Pearl's Redemption: On Auburn's run to the Final Four
You don’t have to like Bruce Pearl, blue-blood slayer of the Alabama Plains.
Forced to acknowledge, of course, that in leading Auburn — yes, Auburn — to successive NCAA Tournament wins over Kansas, North Carolina and Kentucky, the three winningest programs in college basketball history, he deserves every bit of acclaim coming to him, you still might not like him.
Some really don’t. That’s perfectly understandable.
College basketball is a messy business.
It’s a billion-dollar enterprise that offers both the best of college sports, through March Madness, and a glimpse into the worst corners of the amateurism myth, where the best recruits are often bought with sneaker deals, “strong-ass offers” and an AAU system corrupt enough to make Tony Soprano blush.
Pearl has been caught up in this complicated web for decades, exemplifying both the charm and excellence of the sport and its dark underbelly.
Pearl’s rise into the coaching ranks is part of the best of college sports, a by-the-bootstraps Cinderella story. Pearl’s high school basketball career ended before it started, thanks to a lingering football injury. At Boston College, he begged his way into a student manager role under Dr. Tom Davis, and later parlayed that into spots on Davis’ staffs at Stanford and later Iowa.
Kevin Mackey, an assistant on Davis’ staff at Boston College, remembered a relentless worker and true student of the game. Pearl has always been as relentless a worker as the hard ball pressure defenses he coaches.
As an assistant at Iowa, Pearl was front and center in an investigation related to the recruitment of Chicago prep standout Deon Thomas recruiting scandal. That time, Pearl cooperated with the NCAA in an attempt to turn in rival Illinois. The NCAA ultimately enlisted Pearl to prove Illinois cheated; years later, Thomas would say it was Pearl who floated the idea of a bag of cash, which, admirably, Thomas declined, signing with the Illini instead.
Rightly or wrongly, Pearl’s role in the Thomas investigation earned him pariah status, and Pearl found himself exiled at Division II Southern Indiana. Pearl, a chameleon and survivor, made it work. His northeastern accent, passion for the game and goofy, warm personality charmed rural Hoosier state fans who rank basketball just behind family and faith. He won a Division II national championship in 1995, erasing a 30-8 first half deficit in the championship game.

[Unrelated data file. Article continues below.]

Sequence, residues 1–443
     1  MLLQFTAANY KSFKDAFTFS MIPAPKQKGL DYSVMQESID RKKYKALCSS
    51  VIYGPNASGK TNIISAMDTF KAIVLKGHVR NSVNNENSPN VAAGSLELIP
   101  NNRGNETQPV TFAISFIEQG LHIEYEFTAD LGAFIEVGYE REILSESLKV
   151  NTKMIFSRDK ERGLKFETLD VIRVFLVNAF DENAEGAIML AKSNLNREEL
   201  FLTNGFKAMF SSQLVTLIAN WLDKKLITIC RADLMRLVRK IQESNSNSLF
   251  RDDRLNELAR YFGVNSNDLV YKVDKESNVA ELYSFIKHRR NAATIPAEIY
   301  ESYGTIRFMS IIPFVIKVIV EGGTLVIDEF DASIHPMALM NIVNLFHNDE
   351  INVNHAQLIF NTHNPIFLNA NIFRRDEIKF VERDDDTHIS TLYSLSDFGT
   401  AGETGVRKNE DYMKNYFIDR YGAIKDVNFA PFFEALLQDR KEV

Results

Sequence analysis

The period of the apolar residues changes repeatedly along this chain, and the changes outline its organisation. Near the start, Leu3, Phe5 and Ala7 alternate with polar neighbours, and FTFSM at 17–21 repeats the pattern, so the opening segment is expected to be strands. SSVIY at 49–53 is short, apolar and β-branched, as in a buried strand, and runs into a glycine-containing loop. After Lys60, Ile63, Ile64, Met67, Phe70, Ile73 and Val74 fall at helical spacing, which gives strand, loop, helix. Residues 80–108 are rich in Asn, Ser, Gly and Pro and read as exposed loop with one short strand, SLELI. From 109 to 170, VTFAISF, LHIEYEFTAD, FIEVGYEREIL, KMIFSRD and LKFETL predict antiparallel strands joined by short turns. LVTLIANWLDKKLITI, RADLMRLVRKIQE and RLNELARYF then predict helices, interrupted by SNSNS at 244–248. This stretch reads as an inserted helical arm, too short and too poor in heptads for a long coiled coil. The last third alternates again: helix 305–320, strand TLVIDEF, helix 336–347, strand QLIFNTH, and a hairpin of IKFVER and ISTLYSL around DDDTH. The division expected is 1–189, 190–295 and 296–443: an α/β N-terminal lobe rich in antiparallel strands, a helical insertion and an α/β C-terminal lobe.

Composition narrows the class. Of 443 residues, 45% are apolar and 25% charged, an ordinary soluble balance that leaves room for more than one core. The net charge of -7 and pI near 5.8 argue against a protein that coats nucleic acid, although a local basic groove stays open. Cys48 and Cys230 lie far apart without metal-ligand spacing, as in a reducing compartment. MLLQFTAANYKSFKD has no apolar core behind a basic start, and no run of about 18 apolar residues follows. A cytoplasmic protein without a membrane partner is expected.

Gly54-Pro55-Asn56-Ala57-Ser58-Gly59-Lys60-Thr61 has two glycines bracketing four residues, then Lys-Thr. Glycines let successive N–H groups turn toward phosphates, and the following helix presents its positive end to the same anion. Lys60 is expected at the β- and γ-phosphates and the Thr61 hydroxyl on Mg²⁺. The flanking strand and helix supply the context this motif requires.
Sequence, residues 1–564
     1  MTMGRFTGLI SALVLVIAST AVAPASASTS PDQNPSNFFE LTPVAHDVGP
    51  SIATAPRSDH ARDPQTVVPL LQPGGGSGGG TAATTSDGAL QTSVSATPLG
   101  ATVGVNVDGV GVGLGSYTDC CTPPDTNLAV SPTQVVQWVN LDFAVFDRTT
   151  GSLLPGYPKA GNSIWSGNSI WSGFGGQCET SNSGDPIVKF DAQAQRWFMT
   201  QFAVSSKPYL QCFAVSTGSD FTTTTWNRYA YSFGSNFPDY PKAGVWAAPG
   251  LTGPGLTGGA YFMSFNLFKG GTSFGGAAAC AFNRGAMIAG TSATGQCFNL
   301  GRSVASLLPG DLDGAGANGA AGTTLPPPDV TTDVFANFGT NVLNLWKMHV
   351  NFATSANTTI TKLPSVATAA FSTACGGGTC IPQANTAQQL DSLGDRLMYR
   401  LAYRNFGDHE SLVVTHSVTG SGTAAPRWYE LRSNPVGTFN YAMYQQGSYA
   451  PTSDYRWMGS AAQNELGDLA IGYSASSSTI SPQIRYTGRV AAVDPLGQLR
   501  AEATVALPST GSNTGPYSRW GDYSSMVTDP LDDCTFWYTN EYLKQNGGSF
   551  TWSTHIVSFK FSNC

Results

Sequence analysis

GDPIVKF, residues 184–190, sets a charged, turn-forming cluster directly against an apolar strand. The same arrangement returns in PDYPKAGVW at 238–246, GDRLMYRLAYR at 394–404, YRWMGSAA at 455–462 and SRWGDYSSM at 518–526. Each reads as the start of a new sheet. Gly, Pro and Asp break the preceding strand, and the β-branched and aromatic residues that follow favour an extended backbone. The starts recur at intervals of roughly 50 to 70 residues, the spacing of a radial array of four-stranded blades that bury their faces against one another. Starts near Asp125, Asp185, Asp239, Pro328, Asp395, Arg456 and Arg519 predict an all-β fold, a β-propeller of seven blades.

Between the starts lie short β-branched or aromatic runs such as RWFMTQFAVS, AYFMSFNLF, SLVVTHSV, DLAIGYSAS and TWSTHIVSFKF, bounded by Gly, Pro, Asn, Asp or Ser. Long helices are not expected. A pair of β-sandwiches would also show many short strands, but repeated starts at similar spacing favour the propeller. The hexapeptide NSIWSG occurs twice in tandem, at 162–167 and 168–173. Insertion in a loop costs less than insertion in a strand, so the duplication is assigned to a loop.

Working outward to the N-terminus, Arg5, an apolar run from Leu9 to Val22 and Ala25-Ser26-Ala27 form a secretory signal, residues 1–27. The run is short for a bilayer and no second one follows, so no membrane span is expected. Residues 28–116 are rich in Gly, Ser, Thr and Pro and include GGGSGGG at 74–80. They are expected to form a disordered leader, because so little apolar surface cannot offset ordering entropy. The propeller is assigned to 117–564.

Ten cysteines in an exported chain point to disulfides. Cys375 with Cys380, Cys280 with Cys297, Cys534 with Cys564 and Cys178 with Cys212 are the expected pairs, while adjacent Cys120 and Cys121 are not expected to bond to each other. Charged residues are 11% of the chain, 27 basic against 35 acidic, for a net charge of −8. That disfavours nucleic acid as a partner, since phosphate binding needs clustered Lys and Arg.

Eventually, Pearl found his way out of exile and to Wisconsin-Milwaukee, where he built a dangerous mid-major giant killer that reached the Sweet 16 in 2005. But even there, where he won 70% of his basketball games, the NCAA swirled, with Wisconsin-Milwaukee forced to self-report a NCAA violation when Pearl invited a coveted junior recruit to his daughter’s graduation party at his home, contrary to NCAA rules barring coaches from meeting with high school juniors at off-campus sites.
Pearl weathered that mess too, and moved on to Knoxville, where in several seasons at Tennessee, he injected life into a basketball program that had laid mostly destitute and dormant since the Bernie and Ernie years.
Playing suffocating defense and exciting, frenetically paced, “shooters-shoot” green light offense, the Vols captured a regular season SEC title, found themselves ranked number one in the winter of a thirty-win season in 2008, gave the SEC’s basketball royalty (Kentucky and by then, Florida) fits and finally, came one basket from Rocky Top’s first Final Four in 2010.
Then Bruce threw a backyard barbeque for Aaron Craft, lied to the NCAA about it and was sent packing with a 3-year show cause, exiled to a sad-sounding analysts role on ESPN and Sirius XM basketball shows.
Having already succeeded in rural Indiana once, I half expected Pearl to turn all Norman Dale and end up coaching high school basketball and high-pressure ball screen defense somewhere in flyover country, a made for Netflix odd “whatever happened to” story about a banished coach, redeemed by a plucky group of underachievers.
In a way, that’s what happened.